Just to be clear: Without the mandate, you can just forget about any sort of health care reform

I get sick to my stomach of reading stuff like this:

The Supreme Court struggled Wednesday with a question that looks increasingly significant after conservative justices battered the individual mandate: Should the rest of President Barack Obama’s health care law stand if the requirement to purchase insurance falls?

Most of the justices appeared opposed to throwing out the entire law, but their views on how much to keep in place were murky, and the divisions between conservatives and liberals were not always as clear cut as they were Tuesday….

If you get rid of the mandate that puts everyone into the system, then just scrap the law. Because without everyone in the system, we’re stuck with the same system we have now, which causes us to pay more than other developed nations for some of the worst health outcomes.

Either everybody is in it, or there’s no hope of affordability. And without affordability, nothing you come up with can work in the real world.

Surely the justices are all intelligent enough to understand that.

Wouldn’t it be horrible if our Constitution — the glory of what America is about — proved to be a barrier to our having a rational health care system? Well, that will be the case if the Court holds that you can’t require that everyone be in the system.

The only hope at that point would be if the barrier was simply this requirement of everyone having to buy insurance. Perhaps we could still have the workaround of a single-payer system that covers everybody. That, of course, would be far better than requiring everyone to purchase a hodgepodge of private products. The fact is that you’d still be requiring everyone de facto to buy in (through taxes) to a system that covers everyone, but maybe it would work as a de jure workaround. It sounds possible to this layman.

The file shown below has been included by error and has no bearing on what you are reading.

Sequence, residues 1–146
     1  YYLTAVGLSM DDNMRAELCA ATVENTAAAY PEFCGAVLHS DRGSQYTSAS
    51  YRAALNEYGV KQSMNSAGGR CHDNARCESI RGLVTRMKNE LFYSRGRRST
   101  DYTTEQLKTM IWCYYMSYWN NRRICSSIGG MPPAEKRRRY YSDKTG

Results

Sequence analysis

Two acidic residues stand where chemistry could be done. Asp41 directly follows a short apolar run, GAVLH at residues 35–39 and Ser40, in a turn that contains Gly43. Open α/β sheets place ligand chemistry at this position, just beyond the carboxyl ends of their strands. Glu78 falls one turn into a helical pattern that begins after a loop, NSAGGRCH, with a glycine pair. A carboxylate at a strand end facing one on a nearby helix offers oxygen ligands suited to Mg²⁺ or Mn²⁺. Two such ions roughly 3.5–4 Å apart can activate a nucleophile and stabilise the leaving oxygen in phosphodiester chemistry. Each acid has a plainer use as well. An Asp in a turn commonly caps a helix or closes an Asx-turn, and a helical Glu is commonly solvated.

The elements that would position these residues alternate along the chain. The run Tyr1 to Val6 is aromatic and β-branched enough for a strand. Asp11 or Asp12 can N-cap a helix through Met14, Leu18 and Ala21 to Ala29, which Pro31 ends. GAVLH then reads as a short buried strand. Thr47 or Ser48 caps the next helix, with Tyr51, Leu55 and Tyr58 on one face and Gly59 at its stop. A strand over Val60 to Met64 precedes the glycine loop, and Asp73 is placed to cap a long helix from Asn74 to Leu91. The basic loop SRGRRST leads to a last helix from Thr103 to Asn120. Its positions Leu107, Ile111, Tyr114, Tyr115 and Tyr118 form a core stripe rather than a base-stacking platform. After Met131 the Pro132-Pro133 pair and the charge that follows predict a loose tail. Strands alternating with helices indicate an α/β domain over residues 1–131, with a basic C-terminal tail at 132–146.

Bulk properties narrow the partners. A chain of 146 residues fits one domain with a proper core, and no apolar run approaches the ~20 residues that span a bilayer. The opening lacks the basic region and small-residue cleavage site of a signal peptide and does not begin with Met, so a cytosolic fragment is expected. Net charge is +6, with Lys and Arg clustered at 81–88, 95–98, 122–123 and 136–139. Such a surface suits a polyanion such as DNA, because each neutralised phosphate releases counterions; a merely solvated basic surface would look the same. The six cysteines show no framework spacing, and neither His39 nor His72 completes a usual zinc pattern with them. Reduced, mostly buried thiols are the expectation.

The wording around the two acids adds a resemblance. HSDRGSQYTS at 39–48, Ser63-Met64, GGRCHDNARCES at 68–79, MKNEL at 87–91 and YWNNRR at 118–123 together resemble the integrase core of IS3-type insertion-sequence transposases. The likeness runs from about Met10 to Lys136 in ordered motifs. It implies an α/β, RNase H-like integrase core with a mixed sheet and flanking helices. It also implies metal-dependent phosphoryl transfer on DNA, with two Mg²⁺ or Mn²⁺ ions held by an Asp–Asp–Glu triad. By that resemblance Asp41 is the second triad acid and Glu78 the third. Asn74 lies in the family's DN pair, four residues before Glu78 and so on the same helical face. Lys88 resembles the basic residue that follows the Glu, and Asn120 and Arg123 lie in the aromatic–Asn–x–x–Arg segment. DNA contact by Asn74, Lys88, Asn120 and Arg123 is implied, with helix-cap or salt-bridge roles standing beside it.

But then, the political barriers to taking that far more rational approach were (and will probably remain) so great that the Congress passed the cockamamie Obamacare to start with. So the thought doesn’t cheer me up all that much.

123 thoughts on “Just to be clear: Without the mandate, you can just forget about any sort of health care reform

  1. Phillip

    You are correct that severing the mandate in effect kills the law, or any real attempt at health care reform. If the law or even just the mandate portion of it is ruled unconstitutional, don’t hold your breath waiting for the GOP to offer an alternative in terms of serious health care reform. They have failed to at any point in the past, the only efforts at real reform have come from Democratic administrations. The reason is simple: the GOP’s constituency is primarily those for whom health care costs are not a major problem. For those Americans struggling with health care costs, or for the uninsured: they are losers in the American dream, and in the GOP’s Darwinian view of citizenship, they are not a part of our society. Should the law or just the mandate be overturned, you will hear little or nothing from Romney on health care reform (other than the usual platitudes about tort reform). The return to the previous status quo will be just fine.

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  2. SusanG

    They could just expand Medicare to cover everyone — but then wasn’t part of the point of the individual mandate to involve the private insurance companies and not have totally government-insured healthcare?

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  3. SusanG

    Hit enter too soon. The punch line was that means the constitutionally allowable option is the more Socialist one. OMG, does that mean we have a socialist Constitution?! Those godless founding fathers got us again…..

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  4. Steven Davis II

    “which causes us to pay more than other developed nations for some of the worst health outcomes.”

    What are you talking about? People from all around the world come to this country for medical care. Talk to a Canadian who waits in Communist type lines to get medical attention.

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  5. Herb Brasher

    Agreed, Brad. The really frustrating thing about this is that we all pay, one way or the other, when people get sick. Passing up the chance to streamline the payment process, and to provide for many people who otherwise get wiped out by catastrophic illness–this is so disappointing. Not to mention the chance to push insurance companies to do a service, rather than just raking in profits.

    What disappoints me especially is how so many of my evangelical friends will be happy about the injustice done to the less fortunate. In Jesus time there were ingenious ways to practice injustice (Matt 15, the Corban label). One of the modern ways to get out of practicing justice is just to label all such attempts ‘socialism.’

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  6. `Kathryn Fenner